Since its inception in 1947, Ambassador College (AC), in conjunction with the Worldwide Church of God (Worldwide Church of God), has published dozens of religiously oriented booklets on a vast number of intriguing subjects. These unique booklets, most of which claimed to bring some “new truth” to light, were primarily responsible for bringing thousands of sincere people into the doctrinal embrace of the Worldwide Church of God. Hundreds of teenagers, including many with previous college experience, decided to attend AC because they had been convinced by AC’s booklets that AC disseminated knowledge no other college in the world taught or even knew of.
In the last few years many of the key booklets that built AC and the Worldwide Church of God have been discontinued-more often than not due to flagrant error-or rewritten and drastically watered down. AC personnel and Worldwide Church of God members were never told why these booklets were dropped or heavily revised. However, Ambassador Report feels the AC student and the Worldwide Church of God member are entitled to know the reasons, which are stated in the following obituaries:
The Proof of the Bible-For years this booklet, along with Does God Exist?, was thoroughly read and studied by all aspiring to become a baptized member of the Worldwide Church of God. Any person who counselled for baptism used to be asked if he believed in and had proved the Bible was definitely God’s word. Those who hadn’t read AC’s booklet on the subject had a difficult time answering the minister’s questions.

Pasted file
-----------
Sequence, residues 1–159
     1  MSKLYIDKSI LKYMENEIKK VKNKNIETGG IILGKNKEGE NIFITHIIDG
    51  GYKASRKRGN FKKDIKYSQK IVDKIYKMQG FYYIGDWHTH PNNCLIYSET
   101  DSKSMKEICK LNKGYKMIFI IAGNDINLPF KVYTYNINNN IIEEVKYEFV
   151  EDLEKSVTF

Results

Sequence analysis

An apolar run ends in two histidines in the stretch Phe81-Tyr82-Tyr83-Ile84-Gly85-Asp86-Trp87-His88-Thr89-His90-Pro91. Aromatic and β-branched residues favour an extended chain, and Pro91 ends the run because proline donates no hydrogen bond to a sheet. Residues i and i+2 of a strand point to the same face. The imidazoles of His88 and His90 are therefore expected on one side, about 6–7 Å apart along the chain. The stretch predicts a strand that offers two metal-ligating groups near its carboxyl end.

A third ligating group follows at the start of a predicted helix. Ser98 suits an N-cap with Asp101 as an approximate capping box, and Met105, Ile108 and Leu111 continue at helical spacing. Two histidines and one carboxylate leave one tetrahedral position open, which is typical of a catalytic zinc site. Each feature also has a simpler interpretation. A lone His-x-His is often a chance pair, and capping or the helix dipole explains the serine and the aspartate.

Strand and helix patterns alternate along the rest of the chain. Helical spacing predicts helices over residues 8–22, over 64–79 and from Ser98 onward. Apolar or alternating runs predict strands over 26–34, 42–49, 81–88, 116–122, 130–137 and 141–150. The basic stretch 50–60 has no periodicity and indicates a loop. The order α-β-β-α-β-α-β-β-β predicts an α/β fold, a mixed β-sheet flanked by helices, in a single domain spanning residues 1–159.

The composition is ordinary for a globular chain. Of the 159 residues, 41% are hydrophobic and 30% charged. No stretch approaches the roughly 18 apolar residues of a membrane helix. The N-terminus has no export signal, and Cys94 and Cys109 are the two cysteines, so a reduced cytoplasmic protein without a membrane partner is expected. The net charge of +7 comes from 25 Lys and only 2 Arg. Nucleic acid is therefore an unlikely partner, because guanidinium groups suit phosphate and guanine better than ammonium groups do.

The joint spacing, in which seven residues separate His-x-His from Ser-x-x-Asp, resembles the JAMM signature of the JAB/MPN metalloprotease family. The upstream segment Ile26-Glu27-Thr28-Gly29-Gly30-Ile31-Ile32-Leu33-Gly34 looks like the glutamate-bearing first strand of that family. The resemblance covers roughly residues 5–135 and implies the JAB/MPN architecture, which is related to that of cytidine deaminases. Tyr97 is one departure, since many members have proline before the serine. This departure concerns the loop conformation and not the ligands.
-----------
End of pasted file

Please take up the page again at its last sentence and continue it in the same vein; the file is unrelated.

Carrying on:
Yet in 1972, this fundamental booklet was mysteriously discontinued. The reason? In it Herbert W. Armstrong (HWA) dogmatically declared that skeptics could disprove the Bible and God’s very existence if they would go to the Mideast and construct even a small city on the site of New Tyre. In 1969 it was brought to the attention of AC theologians that the area of ancient Tyre was covered by the buildings of Sur and had been for many decades. If you desire to know more about this booklet’s glaring inconsistencies, read the accompanying article titled “Herbert Armstrong ‘Disproves’ the Bible.”
1975 in Prophecy-Of all Herbert W. Armstrong’s booklets, this one is perhaps the most shocking and terrifying one he ever authored. It attempted to graphically portray the terrifying events prophesied in the Bible that he felt would befall mankind between the time he wrote (in the mid-fifties) and Christ’s return-which Herbert W. Armstrong and the Worldwide Church of God felt would occur in 1975, if not before.